March 18, 2007
Temple by Susanna Haswell Rowson is a short story that has a strong influence on the mind of young women. The story is an intriguing one that encourages the need for better female education that would prepare young women against the smooth talking mouths of men.
In the preface of the story Rowson starts of by saying she is flattering herself to be of service
"To some who are so unfortunate as to have neither friends to advise, or understanding to direct them, through the various and unexpected evils that attend a young and unprotected woman in her first entrance into life "
This statement lets the reader know that the story is going to be one that helps young women focus on what should really be important to them.
In the beginning of Temple you are introduced to two men named Montraville and Belcour who are surveying the ladies of Chichester (a sure sign that they are not as innocent as they play up to be later in the story). The two are about to leave town when they spot Madame Du Pont and the young girls who attend her school. This is when Montraville sees Charlotte Temple a lovely young lady, who he remembers dancing with at a ball. When he see her blush as she walks past he is immediately smitten with all kinds of ideas and Montraville being the conceited man that he is, thought that he was the cause of her blushing and he wanted to see her again.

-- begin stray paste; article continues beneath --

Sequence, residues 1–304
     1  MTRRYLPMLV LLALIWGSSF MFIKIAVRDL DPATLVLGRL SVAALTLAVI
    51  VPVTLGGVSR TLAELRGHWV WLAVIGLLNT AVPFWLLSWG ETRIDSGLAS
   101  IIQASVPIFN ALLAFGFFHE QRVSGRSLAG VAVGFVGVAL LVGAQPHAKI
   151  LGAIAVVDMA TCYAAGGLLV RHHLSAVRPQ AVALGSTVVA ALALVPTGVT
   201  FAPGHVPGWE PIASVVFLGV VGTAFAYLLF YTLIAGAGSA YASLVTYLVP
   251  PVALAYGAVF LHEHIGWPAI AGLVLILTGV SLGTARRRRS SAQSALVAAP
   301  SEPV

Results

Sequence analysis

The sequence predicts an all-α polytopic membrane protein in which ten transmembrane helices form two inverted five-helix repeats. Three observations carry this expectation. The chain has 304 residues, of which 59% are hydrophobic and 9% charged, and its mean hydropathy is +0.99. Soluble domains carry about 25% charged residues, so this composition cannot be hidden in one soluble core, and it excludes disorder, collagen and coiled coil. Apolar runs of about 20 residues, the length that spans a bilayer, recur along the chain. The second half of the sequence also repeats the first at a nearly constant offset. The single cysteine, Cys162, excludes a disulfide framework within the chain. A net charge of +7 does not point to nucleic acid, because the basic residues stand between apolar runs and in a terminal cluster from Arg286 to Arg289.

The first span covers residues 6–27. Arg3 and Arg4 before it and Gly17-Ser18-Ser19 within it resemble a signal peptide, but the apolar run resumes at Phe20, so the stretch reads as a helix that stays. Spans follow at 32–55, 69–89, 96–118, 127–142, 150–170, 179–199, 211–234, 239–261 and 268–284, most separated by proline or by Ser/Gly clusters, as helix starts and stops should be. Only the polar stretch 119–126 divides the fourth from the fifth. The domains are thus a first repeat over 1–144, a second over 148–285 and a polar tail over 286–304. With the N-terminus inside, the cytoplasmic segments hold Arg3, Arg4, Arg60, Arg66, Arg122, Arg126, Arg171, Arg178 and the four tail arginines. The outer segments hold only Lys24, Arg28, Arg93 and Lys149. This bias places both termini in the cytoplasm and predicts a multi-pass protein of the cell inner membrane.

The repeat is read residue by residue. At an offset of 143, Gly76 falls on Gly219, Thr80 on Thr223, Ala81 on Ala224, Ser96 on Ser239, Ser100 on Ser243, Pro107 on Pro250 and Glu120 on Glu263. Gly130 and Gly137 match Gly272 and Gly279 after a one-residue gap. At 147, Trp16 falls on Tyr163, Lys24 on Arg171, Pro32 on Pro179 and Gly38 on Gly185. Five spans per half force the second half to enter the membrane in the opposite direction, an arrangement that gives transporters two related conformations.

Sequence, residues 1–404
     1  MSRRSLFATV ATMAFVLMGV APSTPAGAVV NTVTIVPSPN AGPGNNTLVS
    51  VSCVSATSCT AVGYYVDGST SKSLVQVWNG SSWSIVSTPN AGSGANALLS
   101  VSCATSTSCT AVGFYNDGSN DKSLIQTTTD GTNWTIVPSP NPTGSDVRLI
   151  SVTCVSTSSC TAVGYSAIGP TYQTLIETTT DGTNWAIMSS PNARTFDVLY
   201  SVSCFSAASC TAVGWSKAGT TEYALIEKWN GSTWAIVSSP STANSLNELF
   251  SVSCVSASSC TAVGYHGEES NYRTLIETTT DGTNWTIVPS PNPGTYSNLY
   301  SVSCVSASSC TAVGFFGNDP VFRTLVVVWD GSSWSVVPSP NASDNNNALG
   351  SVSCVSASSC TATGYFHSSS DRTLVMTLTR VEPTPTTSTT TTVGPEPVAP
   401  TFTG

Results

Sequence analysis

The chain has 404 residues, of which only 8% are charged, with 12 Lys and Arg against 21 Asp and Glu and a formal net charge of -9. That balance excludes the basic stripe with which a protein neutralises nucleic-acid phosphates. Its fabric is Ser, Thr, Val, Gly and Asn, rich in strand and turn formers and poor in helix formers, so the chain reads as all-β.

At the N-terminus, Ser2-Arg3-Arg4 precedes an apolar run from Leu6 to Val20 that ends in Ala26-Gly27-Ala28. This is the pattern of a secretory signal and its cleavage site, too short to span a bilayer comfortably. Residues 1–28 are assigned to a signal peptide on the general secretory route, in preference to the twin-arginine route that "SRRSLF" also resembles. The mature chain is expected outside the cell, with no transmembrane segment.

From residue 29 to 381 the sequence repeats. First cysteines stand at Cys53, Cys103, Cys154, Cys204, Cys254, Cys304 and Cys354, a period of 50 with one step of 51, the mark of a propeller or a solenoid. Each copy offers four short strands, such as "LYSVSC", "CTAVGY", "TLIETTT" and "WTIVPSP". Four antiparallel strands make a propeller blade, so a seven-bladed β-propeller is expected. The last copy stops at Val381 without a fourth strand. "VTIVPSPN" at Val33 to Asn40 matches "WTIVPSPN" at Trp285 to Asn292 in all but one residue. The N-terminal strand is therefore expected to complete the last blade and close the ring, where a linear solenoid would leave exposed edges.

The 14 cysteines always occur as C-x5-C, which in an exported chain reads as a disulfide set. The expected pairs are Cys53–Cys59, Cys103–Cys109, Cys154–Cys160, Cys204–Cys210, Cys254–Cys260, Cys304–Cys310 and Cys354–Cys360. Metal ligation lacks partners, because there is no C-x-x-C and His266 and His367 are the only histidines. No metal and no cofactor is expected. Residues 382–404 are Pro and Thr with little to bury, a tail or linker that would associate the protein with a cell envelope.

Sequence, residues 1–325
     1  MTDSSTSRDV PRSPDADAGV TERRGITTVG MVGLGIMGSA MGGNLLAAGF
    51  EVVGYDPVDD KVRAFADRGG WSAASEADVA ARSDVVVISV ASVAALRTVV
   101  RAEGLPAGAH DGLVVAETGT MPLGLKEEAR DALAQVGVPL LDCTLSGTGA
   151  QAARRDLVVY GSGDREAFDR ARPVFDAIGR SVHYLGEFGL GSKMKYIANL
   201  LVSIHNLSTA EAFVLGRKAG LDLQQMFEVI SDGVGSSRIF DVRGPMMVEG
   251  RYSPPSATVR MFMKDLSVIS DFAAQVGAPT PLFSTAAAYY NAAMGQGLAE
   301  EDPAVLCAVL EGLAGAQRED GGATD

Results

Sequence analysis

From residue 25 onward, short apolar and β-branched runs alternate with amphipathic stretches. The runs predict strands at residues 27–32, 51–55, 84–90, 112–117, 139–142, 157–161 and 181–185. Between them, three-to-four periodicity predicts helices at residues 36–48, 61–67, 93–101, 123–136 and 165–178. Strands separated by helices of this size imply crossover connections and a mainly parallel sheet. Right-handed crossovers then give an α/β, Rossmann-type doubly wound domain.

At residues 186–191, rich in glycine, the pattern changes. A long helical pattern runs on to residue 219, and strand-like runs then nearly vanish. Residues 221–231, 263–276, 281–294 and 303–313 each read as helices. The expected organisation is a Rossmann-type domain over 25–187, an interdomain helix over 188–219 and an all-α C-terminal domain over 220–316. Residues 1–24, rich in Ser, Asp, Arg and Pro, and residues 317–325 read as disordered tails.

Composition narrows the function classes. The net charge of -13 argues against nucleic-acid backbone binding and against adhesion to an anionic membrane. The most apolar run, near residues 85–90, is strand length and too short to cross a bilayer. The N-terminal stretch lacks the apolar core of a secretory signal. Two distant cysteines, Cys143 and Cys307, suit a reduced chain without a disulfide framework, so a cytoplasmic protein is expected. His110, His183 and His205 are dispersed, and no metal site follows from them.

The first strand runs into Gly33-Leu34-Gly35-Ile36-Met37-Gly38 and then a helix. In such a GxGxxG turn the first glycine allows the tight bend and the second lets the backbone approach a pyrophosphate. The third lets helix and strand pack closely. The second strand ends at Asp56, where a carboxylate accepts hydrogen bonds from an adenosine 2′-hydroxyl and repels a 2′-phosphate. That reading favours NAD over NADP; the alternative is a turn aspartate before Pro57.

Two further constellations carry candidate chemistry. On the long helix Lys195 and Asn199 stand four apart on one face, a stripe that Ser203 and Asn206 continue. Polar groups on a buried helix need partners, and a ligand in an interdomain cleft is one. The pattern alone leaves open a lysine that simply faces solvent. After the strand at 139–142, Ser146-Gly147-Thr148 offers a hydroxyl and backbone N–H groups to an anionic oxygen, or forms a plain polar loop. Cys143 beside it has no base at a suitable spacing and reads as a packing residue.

In Montravilles conquest to see Charlotte again he returns to Chichester and waits outside of the school gates. While he is waiting he thinks to himself "should I succeed in seeing and conversing with her it can be productive of no good'. This means that even Montraville knew what he was doing was wrong but he insisted on corrupting the poor girl anyway. While waiting outside the gate he finally saw what he was waiting for: Charlotte and her French teacher Mademoiselle La Rue walking across the field. As the two women came close... [continues]
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